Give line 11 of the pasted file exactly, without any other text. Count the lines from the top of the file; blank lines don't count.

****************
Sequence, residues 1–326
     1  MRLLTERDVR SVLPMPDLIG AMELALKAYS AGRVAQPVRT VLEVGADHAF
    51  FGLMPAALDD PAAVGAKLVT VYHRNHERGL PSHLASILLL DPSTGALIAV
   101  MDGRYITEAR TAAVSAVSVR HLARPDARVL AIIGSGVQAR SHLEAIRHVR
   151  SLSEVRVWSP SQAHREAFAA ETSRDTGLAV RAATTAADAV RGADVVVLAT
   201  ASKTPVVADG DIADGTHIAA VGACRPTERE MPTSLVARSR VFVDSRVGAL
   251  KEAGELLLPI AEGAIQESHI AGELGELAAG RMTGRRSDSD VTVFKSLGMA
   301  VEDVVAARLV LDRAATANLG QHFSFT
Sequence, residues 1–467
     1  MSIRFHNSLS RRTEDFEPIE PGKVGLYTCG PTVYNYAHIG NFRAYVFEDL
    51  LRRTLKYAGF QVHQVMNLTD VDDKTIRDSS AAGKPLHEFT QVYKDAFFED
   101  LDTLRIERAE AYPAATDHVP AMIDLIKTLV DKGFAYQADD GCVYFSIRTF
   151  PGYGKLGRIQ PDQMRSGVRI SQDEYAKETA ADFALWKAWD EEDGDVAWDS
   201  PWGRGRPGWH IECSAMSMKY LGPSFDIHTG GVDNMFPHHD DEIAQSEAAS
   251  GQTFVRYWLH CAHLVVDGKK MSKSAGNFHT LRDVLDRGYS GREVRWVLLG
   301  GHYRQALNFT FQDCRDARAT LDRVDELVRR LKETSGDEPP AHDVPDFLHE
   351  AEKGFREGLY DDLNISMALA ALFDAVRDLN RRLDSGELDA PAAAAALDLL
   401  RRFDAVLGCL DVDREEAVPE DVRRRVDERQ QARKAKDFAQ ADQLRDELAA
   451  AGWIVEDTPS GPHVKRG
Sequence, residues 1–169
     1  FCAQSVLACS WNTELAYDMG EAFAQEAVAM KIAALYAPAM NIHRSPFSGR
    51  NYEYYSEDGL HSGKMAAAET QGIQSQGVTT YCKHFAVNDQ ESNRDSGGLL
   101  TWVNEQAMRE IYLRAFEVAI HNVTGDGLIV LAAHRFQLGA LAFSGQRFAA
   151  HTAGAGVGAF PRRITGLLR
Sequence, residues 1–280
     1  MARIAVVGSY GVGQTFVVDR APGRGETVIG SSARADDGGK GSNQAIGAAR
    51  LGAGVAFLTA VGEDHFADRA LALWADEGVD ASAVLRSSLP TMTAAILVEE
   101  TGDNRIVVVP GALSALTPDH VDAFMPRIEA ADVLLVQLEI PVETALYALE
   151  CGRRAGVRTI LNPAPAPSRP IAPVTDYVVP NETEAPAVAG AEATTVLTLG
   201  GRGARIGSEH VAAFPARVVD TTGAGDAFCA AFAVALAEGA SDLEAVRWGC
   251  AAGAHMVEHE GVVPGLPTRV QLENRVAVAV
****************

    51  LRRTLKYAGF QVHQVMNLTD VDDKTIRDSS AAGKPLHEFT QVYKDAFFED